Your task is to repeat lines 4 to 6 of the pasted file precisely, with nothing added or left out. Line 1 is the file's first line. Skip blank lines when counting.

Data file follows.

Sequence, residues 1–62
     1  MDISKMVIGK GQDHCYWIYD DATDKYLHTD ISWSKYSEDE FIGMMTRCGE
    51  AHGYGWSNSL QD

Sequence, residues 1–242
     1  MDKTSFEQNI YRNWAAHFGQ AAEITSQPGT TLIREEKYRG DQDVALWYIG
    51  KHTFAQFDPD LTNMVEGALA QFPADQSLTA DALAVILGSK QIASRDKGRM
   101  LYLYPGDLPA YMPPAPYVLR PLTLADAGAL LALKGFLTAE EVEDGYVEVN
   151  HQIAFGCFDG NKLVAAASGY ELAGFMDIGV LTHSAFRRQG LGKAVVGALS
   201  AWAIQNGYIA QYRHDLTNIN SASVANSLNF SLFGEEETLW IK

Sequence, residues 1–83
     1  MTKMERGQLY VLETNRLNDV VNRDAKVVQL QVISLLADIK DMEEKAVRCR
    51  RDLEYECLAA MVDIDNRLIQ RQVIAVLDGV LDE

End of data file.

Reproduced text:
Sequence, residues 1–242
     1  MDKTSFEQNI YRNWAAHFGQ AAEITSQPGT TLIREEKYRG DQDVALWYIG
    51  KHTFAQFDPD LTNMVEGALA QFPADQSLTA DALAVILGSK QIASRDKGRM